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	David Conway, Cardenas’ opponent, waits nervously for the election results. Despite his loss, Conway’s slate, Wolkpack, earned seven of the 10 ASUNM senator seats.

David Conway, Cardenas’ opponent, waits nervously for the election results. Despite his loss, Conway’s slate, Wolkpack, earned seven of the 10 ASUNM senator seats.

Cardenas, Colbert take ASUNM election

A knee shaking, toe tapping Lazaro “Laz” Cardenas sat visibly nervous in the ASUNM senate hall waiting for 8 p.m., when the ASUNM election results would be tallied — not knowing he would be elected the next ASUNM president by more than 400 votes.

“I was feeling nervous anticipation to know who won,” Cardenas said. “To be honest I am just grateful for everyone’s support and help. We couldn’t have done it without them.”

Cardenas brought in 1,223 votes compared to his opponent on the Wolf Pack slate David Conway’s 795. Cardenas’ running mate, Joseph Colbert, also won as vice president. Colbert was absent from the announcement because he was celebrating his birthday, Cardenas said.

“I couldn’t have done it without each and everyone that was out there,” Cardenas said. “That includes members of senate that were running, the volunteers that we had, all the student organizations that endorsed me and basically everyone that went out and voted. It feels good but at the same time there is a lot of work to be done.”

Cardenas attributed the win to both the progressive style of campaigning and the caliber of ideas that he ran on.
“Just these new ideas that the slate has done,” Cardenas said. “We created a video and an ad campaign that was really cool … I just feel our volunteers did a great job.”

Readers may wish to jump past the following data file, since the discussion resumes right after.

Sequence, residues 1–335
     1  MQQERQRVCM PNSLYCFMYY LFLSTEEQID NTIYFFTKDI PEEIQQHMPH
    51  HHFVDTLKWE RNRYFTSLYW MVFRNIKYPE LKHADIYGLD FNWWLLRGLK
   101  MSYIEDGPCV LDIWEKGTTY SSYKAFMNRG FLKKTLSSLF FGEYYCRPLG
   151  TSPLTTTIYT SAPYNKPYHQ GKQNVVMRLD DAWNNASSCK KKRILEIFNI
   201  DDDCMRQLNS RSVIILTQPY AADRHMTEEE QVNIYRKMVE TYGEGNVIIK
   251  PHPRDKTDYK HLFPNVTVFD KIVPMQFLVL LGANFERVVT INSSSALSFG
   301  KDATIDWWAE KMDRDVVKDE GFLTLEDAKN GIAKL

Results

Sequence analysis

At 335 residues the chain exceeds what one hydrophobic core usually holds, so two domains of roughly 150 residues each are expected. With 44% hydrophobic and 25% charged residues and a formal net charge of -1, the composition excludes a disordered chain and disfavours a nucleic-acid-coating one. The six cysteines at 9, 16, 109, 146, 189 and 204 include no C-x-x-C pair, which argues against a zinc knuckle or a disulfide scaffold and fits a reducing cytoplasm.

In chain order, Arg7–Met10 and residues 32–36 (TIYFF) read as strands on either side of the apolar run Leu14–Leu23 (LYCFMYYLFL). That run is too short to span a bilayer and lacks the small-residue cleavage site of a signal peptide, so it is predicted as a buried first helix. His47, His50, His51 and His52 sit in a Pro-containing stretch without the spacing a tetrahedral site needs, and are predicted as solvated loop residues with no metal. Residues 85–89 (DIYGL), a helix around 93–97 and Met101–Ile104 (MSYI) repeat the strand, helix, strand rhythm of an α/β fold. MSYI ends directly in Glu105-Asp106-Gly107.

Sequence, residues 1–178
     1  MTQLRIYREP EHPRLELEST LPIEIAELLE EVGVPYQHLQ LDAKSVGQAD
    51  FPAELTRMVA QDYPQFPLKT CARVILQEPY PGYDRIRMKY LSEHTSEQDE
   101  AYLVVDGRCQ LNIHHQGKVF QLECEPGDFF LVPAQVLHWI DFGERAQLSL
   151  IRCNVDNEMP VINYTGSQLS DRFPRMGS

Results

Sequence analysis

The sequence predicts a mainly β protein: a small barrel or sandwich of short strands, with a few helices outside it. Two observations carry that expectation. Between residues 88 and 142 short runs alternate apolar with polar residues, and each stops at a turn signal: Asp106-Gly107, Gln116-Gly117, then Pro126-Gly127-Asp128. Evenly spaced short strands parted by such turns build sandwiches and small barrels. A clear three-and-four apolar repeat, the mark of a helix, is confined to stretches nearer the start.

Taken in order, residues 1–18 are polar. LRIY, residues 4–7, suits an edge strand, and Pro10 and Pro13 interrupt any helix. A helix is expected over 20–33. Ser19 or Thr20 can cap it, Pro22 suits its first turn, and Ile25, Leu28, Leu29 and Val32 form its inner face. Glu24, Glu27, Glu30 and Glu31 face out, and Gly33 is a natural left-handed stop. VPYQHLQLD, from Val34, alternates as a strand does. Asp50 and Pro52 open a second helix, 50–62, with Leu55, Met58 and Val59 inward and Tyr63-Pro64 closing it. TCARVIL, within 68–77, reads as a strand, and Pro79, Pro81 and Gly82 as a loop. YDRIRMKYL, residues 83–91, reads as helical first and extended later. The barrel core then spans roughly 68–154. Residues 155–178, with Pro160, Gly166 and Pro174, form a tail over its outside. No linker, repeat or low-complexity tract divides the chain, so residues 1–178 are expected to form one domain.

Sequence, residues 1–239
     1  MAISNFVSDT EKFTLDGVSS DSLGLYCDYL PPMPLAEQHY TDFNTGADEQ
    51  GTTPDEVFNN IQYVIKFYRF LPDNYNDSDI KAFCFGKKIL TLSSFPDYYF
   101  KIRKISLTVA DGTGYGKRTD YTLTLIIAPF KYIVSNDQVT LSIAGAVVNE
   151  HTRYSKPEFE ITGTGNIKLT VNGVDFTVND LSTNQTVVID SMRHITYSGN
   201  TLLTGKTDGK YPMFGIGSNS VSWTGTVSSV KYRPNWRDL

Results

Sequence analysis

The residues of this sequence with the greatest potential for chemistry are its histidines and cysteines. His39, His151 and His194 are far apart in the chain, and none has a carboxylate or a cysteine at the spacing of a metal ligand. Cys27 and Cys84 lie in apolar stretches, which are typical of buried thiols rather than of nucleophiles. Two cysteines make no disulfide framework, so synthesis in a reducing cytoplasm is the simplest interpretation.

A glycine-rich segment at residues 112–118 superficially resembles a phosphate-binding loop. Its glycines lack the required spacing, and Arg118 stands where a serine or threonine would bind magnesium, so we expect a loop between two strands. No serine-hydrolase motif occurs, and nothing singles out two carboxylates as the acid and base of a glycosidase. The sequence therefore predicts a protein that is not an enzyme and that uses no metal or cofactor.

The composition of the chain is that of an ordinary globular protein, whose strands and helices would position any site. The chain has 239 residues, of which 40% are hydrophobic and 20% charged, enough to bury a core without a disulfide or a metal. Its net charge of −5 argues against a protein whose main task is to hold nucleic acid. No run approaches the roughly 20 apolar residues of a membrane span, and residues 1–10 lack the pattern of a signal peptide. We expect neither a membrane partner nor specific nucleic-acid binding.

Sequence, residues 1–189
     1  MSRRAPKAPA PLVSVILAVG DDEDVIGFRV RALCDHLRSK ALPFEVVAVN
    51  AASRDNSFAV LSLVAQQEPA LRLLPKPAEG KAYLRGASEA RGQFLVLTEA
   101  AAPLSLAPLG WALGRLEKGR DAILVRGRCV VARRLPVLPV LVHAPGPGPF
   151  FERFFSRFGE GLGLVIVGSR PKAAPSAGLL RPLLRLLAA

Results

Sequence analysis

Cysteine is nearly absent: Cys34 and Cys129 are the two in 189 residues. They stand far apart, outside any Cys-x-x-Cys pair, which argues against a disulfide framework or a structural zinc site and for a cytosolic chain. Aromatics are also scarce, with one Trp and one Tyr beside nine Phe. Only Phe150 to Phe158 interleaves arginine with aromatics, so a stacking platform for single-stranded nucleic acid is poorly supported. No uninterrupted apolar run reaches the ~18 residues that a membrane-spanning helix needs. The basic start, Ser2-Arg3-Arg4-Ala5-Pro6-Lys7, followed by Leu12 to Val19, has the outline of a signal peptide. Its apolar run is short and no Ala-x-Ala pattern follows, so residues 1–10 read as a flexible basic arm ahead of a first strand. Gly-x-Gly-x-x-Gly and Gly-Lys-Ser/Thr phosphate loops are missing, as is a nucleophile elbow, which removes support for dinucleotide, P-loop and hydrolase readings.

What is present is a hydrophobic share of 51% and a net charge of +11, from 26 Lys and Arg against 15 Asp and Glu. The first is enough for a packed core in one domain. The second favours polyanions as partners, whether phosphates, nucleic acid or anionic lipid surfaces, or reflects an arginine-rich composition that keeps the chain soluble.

A total of 2,115 students voted in this year’s election. Election Commissioner Brian Moore said the numbers were the highest he had seen the last five years. And Conway even mentioned how big the turnout was. The election represented about 11 percent of the undergraduate student body.

Earlier this week, Cardenas received endorsements from 10 student organizations compared to five for Conway. But Cardenas’ slate didn’t win the battle of Facebook friends. The Wolfpack slate had nearly 300 more friends than did Full Circle, which may have contributed to the Wolfpack slate getting seven of the 10 senators voted in.

Conway said it’s not bittersweet that his slate was mostly voted in despite his loss.

“It’s all sweet,” he said. “I believe in each and every one of them. That is why I didn’t leave when the presidential numbers were heard. I stayed throughout the whole thing because it means a lot to me seeing (my slate) get on. It was about the message. It was about what we were doing. It was not about me.”
Student and volunteer Xavier Winslow said that he voted for senators on both slates even though he helped campaign for Full Circle.

“I do think having a mix is better because that means it is covering a lot more subjects and not just like three key issues that they can bring to the table,” Winslow said.


And for the last five semesters, there has been some sort of discrepancy within the election, which ended in a contest of election or the threat of one. Conway said he would just have to wait and see but didn’t see any violations Wednesday.

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“We may hear something crazy tonight and whatever happens,” Conway said “We will figure out what is going on. If something crazy happened or some super breach, we will fight it. I see two hard-fought, positive campaigns.”

Cardenas also said he felt the election was clean.

“I think it was. I hope that if there is a contest of election it is for a legitimate reason,” Cardenas said. “Everyone has the right to contest an election.”
Cardenas finished with a teaser about what students should expect from his administration next year.
“Get ready. It is going to be fun,” he said.

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